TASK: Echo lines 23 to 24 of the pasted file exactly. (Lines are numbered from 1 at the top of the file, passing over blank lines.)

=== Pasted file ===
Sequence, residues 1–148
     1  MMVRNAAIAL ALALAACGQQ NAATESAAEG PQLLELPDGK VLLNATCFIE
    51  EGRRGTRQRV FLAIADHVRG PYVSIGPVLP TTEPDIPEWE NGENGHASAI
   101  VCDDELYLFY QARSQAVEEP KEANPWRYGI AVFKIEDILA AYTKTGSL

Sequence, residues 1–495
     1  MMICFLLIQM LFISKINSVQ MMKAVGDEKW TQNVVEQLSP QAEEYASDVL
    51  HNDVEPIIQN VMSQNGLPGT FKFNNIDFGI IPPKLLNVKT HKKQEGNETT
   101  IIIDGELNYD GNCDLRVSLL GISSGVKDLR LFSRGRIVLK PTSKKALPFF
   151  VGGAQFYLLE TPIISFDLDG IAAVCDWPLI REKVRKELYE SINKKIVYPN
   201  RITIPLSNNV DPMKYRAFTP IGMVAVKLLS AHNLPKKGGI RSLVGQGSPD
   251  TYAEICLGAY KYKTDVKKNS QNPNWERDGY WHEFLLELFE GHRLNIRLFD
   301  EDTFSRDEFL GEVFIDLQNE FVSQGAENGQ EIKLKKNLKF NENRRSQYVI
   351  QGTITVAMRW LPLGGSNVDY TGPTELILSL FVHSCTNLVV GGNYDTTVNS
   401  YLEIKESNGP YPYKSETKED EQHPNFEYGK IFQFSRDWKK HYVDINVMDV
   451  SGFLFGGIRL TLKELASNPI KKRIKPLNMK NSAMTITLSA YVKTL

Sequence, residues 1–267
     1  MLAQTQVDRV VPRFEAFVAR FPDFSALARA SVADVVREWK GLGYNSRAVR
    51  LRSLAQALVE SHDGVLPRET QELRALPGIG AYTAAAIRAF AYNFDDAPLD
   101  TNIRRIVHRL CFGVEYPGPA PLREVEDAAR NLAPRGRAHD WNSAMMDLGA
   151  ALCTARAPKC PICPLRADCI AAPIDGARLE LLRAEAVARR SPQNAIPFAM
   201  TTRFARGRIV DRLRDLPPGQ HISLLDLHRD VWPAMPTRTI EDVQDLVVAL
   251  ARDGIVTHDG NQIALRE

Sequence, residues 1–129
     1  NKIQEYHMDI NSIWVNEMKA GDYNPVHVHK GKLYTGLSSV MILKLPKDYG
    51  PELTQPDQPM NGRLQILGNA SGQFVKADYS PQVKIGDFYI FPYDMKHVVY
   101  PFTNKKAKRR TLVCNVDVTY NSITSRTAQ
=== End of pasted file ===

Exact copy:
Sequence, residues 1–129
     1  NKIQEYHMDI NSIWVNEMKA GDYNPVHVHK GKLYTGLSSV MILKLPKDYG